- Back Mounts-Back-mounted level controllers allow the door of the controller to face the operator. Most of the time the sight glass is placed too close to the level controller making it difficult to open the door to make final adjustments. Having the door face the operator eliminates the door hitting the sight glass and components around the device.
- Side Mounts-Most side mounted level controllers can be reconfigured in the field to left-handed or right-handed for convenience of the operator.
When selecting a displacer size, design, and material for your level controllers, it is important to keep in mind the conditions of your application and design of your equipment. Some of the conditions to consider are:
- Consider your Temperature- With high temperatures, you will want to consider using a stainless-steel displacer. In medium temperatures consider acrylic displacer.
- Corrosive Liquids- When corrosive liquids are present, Stainless, acrylic and PVC material are a good option. The cost and temperature of liquids also weigh into selection.
- Large Span- If you have a large span, use a longer displacer or a split displacer.
- Small Tank Diameters- If you have a small tank diameter, a split displacer may be necessary. a split displacer is two small floats with a swivel link connecting them. This allows the user to insert the displacer into a small ID vessel. Without the split, the float would not be able to fit due to small vessel Id or reach the desired liquid level.
- Small Access Openings- When your vessel has a small access opening, select a displacer smaller in diameter.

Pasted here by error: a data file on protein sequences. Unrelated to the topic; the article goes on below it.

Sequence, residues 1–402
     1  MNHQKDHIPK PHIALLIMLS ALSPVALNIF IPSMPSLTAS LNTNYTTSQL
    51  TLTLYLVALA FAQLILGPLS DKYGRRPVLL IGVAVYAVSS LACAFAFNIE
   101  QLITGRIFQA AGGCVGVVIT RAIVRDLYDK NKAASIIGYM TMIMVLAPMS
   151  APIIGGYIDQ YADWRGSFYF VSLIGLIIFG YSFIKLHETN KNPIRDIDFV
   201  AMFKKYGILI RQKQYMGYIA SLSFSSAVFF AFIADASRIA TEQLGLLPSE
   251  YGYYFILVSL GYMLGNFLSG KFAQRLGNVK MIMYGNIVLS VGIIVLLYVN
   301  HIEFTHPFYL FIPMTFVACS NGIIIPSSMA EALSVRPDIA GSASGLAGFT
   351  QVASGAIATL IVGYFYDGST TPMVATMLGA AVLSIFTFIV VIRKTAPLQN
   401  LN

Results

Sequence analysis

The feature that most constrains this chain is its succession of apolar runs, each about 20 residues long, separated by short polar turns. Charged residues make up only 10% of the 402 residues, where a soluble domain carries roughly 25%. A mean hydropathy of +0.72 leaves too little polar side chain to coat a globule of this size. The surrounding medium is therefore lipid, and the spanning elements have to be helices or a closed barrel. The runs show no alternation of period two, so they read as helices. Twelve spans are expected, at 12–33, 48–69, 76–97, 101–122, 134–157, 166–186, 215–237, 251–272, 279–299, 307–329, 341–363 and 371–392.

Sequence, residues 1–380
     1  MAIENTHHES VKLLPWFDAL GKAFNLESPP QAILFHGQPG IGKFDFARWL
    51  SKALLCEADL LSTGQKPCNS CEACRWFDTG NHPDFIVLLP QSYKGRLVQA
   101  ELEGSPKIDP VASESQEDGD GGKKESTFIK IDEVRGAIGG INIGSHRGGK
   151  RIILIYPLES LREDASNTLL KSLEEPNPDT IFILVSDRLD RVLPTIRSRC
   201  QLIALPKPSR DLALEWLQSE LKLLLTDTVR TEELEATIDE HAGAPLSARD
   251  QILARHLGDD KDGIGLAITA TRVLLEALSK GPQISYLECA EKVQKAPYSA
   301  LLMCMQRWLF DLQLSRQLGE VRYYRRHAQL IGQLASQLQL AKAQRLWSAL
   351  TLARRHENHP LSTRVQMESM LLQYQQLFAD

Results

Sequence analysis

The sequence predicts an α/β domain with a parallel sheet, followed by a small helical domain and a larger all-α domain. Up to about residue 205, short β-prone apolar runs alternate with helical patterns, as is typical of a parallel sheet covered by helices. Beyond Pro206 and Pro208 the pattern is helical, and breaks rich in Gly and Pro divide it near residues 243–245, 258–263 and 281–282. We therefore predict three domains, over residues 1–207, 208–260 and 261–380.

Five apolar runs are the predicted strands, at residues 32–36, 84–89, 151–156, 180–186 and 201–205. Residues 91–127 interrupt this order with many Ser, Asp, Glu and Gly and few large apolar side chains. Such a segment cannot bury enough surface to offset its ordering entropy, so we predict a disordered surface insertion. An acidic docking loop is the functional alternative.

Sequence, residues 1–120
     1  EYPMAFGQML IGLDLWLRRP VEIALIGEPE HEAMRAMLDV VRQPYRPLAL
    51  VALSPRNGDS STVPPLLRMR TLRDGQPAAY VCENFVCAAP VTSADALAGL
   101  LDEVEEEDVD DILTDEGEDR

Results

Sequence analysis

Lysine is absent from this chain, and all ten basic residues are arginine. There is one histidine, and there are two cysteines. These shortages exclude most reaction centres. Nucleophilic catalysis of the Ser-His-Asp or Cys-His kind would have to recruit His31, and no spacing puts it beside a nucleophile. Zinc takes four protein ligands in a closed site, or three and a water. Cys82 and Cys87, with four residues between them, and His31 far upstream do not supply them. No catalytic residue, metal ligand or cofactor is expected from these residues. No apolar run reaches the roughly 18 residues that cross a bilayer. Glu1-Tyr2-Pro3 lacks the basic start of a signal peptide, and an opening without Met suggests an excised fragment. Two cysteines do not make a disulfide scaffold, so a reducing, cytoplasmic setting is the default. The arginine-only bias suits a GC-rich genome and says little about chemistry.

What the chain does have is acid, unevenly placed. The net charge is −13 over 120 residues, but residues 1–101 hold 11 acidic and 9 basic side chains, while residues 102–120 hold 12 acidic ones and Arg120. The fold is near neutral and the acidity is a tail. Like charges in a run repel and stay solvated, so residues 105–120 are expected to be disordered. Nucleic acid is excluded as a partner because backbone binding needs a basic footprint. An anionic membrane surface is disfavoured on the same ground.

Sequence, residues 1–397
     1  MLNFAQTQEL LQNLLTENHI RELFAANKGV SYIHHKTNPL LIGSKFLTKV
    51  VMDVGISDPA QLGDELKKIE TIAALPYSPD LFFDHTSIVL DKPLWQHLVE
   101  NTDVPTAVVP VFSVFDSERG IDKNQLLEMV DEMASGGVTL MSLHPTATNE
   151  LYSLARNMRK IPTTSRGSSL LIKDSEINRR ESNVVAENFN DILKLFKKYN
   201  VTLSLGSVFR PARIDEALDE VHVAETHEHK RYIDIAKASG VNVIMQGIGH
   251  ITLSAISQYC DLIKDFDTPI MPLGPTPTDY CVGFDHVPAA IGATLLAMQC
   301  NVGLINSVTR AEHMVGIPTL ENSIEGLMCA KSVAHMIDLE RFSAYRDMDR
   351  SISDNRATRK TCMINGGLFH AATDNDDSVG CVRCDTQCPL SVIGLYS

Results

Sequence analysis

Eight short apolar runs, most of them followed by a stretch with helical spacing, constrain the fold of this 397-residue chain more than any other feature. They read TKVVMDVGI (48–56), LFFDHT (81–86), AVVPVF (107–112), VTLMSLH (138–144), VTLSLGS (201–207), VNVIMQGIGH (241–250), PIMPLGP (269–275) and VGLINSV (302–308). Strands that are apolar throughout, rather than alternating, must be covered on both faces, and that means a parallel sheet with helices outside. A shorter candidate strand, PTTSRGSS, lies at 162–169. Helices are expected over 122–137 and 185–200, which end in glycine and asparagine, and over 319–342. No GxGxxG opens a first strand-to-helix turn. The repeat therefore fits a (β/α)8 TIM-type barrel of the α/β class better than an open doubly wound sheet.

The term NACE stands for “National Association of Corrosion Engineers” and is used to refer to a federal standard of material requirements for corrosive prevention when H2S is present. Qualified NACE materials include carbon and low-alloy steels, corrosion-resistant alloy steels and other alloy materials that against in the H2S contained environments. If you have sour gas coming through your separator, it is important that your level controllers and other components meet NACE standards.
Snap Pilots vs. Throttle Pilots
- Snap Pilot- Snap pilots, also known as quick opening, are used to control interface when there is a large span and space between water and oil outlets. Snap pilots are a good option for slugging wells, and they can prevent damage when erosive materials are present in the gas. They also allow for the most accurate readings on turbine meters.
- Throttle Pilot- Throttle pilots maintain a more consistent level and a smaller span than snap pilots, allowing a larger fluid section to dump in a specific period. Throttle pilots also shorten valve travel, increasing the life of a valve.
Some Level Controllers have reversible field action, meaning the pilot can switch back and forth from snap to throttle mode, eliminating the need to replace the pilot if the opposite mode becomes necessary.
Calibrating Your Level Controller
Calibrating your level controller involves trial and error adjustments. The first adjustment to make is your spring, which determines the set point for your displacer. You generally want the setpoint close to the middle of your displacer. This allows room for error and change in process conditions. The spring adjustment allows you to control the dumping point of your liquid level. By loosening the spring, you are making the displacer, or the float, heavier and therefore raising the setpoint. Determine at what level it trips and adjust your spring accordingly. The second adjustment is your sensitivity, which changes which determines your dump cycle. The higher the sensitivity is set, the larger your dump cycle will be. As you alter the sensitivity, the setpoint will also change, and you will have to readjust the spring accordingly.